Colon Cancer (Colorectal Cancer)

  • Medical Author:
    Melissa Conrad Stöppler, MD

    Melissa Conrad Stöppler, MD, is a U.S. board-certified Anatomic Pathologist with subspecialty training in the fields of Experimental and Molecular Pathology. Dr. Stöppler's educational background includes a BA with Highest Distinction from the University of Virginia and an MD from the University of North Carolina. She completed residency training in Anatomic Pathology at Georgetown University followed by subspecialty fellowship training in molecular diagnostics and experimental pathology.

  • Medical Editor: Jay W. Marks, MD
    Jay W. Marks, MD

    Jay W. Marks, MD

    Jay W. Marks, MD, is a board-certified internist and gastroenterologist. He graduated from Yale University School of Medicine and trained in internal medicine and gastroenterology at UCLA/Cedars-Sinai Medical Center in Los Angeles.

Quick GuideColon Cancer: Symptoms, Signs, Screening, Stages

Colon Cancer: Symptoms, Signs, Screening, Stages

What are colon cancer survival rates?

Survival rates for any cancer are often reported by stage, the extent of spread when the cancer is identified. For colon and rectum cancer, around 39% are diagnosed at the local stage, before the cancer has spread outside the local area. The five-year survival for these patients with localized colon and rectum cancer is 90%.

When the cancer has spread to the regional lymph nodes near the site of origin, the five-year survival rate is about 71%. When the cancer has metastasized to distant sites in the body (stage IV cancer), the five-year survival rate lowers to about 13.5%.

Is it possible to prevent colon cancer?

The most effective prevention for colorectal cancer is early detection and removal of precancerous colorectal polyps before they turn cancerous. Even in cases where cancer has already developed, early detection still significantly improves the chances of a cure by surgically removing the cancer before the disease spreads to other organs.

Regular physical activity is associated with lower risk of colon cancer. Aspirin use also appears to lower the risk of colon cancer. The use of combined estrogen and progestin in hormone replacement therapy lowers the risk of colon cancer in postmenopausal women. Hormone replacement therapy has risks which must be weighed against this effect, and should be discussed with a doctor.

Genetic counseling and testing

Blood tests are now available to test for hereditary colon cancer syndromes. Families with multiple members having colon cancers, multiple colon polyps, cancers at young ages, and other cancers such as cancers of the ureters, uterus, duodenum, and more, may take advantage of resources such as genetic counseling, followed possibly by genetic testing. Genetic testing without prior counseling is discouraged because of the extensive family education that is involved and the complicated nature of interpreting the test results.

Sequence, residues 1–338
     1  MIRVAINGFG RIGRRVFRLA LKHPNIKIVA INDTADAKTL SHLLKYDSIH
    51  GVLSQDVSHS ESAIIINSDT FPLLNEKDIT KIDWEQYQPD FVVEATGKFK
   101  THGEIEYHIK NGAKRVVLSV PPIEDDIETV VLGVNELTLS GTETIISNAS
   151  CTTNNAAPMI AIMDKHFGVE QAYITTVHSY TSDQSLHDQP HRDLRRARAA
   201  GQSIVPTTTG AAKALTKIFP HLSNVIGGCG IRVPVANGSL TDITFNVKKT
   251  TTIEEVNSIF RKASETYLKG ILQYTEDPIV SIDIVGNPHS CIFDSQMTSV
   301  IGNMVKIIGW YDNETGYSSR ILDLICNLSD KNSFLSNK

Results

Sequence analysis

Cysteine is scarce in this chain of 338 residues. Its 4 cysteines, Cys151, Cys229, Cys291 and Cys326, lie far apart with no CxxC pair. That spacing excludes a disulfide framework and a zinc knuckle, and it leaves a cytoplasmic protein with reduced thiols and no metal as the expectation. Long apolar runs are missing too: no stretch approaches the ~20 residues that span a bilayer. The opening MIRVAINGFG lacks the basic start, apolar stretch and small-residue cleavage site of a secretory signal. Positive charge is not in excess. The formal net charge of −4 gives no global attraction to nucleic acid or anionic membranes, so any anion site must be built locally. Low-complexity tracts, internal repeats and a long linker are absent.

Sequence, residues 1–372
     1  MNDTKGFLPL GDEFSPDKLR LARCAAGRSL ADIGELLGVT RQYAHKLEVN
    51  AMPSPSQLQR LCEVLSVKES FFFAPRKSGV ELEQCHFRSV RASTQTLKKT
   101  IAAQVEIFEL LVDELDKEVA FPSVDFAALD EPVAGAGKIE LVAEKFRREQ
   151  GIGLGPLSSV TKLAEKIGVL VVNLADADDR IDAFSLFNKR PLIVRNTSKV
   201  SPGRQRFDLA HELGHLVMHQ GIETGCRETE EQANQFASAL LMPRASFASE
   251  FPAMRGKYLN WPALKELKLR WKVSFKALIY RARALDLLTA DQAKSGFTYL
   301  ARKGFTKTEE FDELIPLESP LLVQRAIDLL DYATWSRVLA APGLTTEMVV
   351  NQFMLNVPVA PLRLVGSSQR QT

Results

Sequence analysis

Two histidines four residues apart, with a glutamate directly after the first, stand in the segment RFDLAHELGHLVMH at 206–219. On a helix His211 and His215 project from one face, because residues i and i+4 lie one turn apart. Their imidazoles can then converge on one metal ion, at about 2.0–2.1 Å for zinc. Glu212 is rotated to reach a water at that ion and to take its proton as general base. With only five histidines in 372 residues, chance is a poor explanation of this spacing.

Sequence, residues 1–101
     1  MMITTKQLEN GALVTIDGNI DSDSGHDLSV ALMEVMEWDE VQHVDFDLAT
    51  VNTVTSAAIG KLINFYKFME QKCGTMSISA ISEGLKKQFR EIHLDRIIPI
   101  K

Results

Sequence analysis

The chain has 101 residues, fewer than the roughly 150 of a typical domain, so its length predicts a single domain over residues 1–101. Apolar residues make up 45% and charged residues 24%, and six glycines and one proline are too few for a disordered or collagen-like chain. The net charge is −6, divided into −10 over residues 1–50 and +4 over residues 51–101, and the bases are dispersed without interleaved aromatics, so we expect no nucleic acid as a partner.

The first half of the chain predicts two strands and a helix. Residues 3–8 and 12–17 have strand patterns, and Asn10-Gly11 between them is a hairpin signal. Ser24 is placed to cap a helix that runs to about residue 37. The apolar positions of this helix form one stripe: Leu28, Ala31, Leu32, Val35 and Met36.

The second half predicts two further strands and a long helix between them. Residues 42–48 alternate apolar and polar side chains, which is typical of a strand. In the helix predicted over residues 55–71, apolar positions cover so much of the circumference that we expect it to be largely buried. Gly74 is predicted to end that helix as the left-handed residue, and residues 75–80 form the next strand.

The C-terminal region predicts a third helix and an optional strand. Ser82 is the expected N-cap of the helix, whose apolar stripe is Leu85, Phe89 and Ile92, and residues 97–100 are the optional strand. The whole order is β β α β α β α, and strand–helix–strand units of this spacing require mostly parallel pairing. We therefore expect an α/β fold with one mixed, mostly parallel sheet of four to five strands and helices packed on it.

The advantages of genetic counseling followed by genetic testing include: (1) identifying family members at high risk of developing colon cancer to begin colonoscopies early; (2) identifying high-risk members so that screening may begin to prevent other cancers such as ultrasound tests for uterine cancer, urine examinations for ureter cancer, and upper endoscopies for stomach and duodenal cancers; and (3) alleviating concern for members who test negative for the hereditary genetic defects.

Diet to prevent colon cancer

People can change their eating habits by reducing fat intake and increasing fiber (roughage) in their diet. Major sources of fat are meat, eggs, dairy products, salad dressings, and oils used in cooking. Fiber is the insoluble, nondigestible part of plant material present in fruits, vegetables, and whole-grain breads and cereals. It is postulated that high fiber in the diet leads to the creation of bulky stools which can rid the intestines of potential carcinogens. In addition, fiber leads to the more rapid transit of fecal material through the intestine, thus allowing less time for a potential carcinogen to react with the intestinal lining.

Screening for colorectal cancer

The term "screening" is properly applied only to the use of testing to look for evidence of cancer or pre-cancerous polyps in individuals who are asymptomatic and at only average risk for a type of cancer. Those patients who, for example, have a positive family history of colon cancer, or are symptomatic for a colon abnormality, undergo diagnostic testing rather than screening tests.

There are different types of screening tests for colorectal cancer: fecal (stool) occult blood testing, sigmoidoscopy, colonoscopy, digital colonoscopy, and DNA testing of the stool. The US Preventive Services Task Force (USPSTF) recommends strongly that screening begin at age 50 years for average-risk adults, but there is no specific recommendation for one screening test or strategy over another. The USPSTF advises that patients be offered a choice of screening options, using shared decision-making with the patient and physician to arrive at the best choice of screening programs for each individual.

Stool or fecal occult blood testing (FOBT)